When Christmas passes, the first question many people have is how are they going to dispose of their live Christmas tree?

Strike that – the first thing people think about is how are they going to get their kids to stop arguing over new toys? Once they get those disputes resolved, then they turn their attention to getting rid of the tree in the living room. 

If you enjoy seeing birds and other wildlife around your home, your Christmas tree – if it’s a live tree – may be able to add to your nature viewing enjoyment.

Cedars, firs, spruce and pines provide good shelter for a variety of birds, in addition to rabbits and other small mammals. Before tossing out that live tree in the trash or burning it, consider its possibilities as wildlife habitat.

For birds like juncos, native sparrows, cardinals and other species that prefer eating on the ground, a discarded live Christmas tree could become a favorite dining spot. Scatter corn, millet or other grain mixes around the tree and you’ve provided these birds with a great feeding area.

Ground-feeding birds will flock to areas where they can feed and, at the same time, be sheltered from the wind, the elements and predators. Of course, make sure they’re feeding out of the wind. Putting the grain on the south side of the discarded tree is a good way to ensure they have shelter from cold north winds.

Keep in mind that having some type of open water source (bird bath, water dish, etc.) is an essential part of attracting birds, too. Also, if you live inside the city limits, make sure the pile you have made out of your discarded tree and any other branches you have gathered isn’t in violation of any city ordinances that pertain to disposal of brush and tree debris.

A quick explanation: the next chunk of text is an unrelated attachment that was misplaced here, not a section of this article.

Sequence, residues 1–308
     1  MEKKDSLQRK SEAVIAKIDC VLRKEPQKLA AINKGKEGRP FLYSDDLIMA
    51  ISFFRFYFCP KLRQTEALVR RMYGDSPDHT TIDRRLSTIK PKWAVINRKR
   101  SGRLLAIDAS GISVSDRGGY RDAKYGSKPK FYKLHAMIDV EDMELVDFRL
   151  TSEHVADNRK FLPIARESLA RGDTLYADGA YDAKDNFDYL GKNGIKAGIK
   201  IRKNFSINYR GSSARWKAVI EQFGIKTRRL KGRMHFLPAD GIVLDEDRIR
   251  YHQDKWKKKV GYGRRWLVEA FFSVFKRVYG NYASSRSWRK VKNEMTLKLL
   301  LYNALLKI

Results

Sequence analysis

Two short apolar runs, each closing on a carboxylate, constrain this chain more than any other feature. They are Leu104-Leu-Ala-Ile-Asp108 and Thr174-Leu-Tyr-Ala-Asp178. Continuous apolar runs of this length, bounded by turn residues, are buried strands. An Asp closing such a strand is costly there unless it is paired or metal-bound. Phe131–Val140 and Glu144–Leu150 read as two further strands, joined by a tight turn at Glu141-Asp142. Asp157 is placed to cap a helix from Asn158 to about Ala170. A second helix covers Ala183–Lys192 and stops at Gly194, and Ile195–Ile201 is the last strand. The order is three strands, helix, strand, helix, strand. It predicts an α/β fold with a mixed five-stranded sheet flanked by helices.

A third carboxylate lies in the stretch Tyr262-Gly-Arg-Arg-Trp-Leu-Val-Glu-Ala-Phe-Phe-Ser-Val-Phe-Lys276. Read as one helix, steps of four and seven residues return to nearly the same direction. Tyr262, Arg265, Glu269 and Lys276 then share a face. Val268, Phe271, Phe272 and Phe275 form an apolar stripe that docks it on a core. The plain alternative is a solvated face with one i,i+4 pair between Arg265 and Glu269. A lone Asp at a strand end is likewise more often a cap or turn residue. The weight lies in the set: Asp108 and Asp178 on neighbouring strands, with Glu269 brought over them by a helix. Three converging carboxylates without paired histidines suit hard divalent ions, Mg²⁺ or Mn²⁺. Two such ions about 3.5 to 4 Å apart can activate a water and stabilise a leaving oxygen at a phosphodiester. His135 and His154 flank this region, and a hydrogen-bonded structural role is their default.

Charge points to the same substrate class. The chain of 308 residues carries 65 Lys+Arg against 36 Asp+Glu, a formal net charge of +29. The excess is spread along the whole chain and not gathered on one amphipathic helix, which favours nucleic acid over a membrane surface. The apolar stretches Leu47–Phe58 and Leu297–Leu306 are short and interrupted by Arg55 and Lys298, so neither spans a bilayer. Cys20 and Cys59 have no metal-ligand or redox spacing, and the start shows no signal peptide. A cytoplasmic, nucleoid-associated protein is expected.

For people who live in rural areas and either enjoy hunting rabbits or they want to build a brush pile to provide habitat for small mammals, ground-nesting birds and reptiles; Christmas trees are great additions to brush piles.

Keep in mind that one evergreen tree will provide only a limited amount of cover for wildlife. It’s best to either combine your Christmas tree with other brush or collect several discarded evergreens. (Maybe neighbors who are going to throw away their Christmas trees would be happy to give them to you.)

Constructing a brush pile on a base of larger materials will provide tunnels and openings at ground level. Pole-sized logs, stumps or piled rocks all work well in providing these types of bases for brush piles.

Brush piles should be placed at intervals near feeding areas, along field borders and within idle fields or abandoned areas. Avoid the bottoms of drainages and low spots where standing water might render the brush pile useless.

Using a live Christmas tree to improve wildlife around your home is another way to show what many people have known for a long time; that Missourians care about conserving forests, fish and wildlife resources.

By Francis Skalicky

(Francis Skalicky works for the Missouri Department of Conservation in southwest Missouri. He can be reached at 417-895-6880.)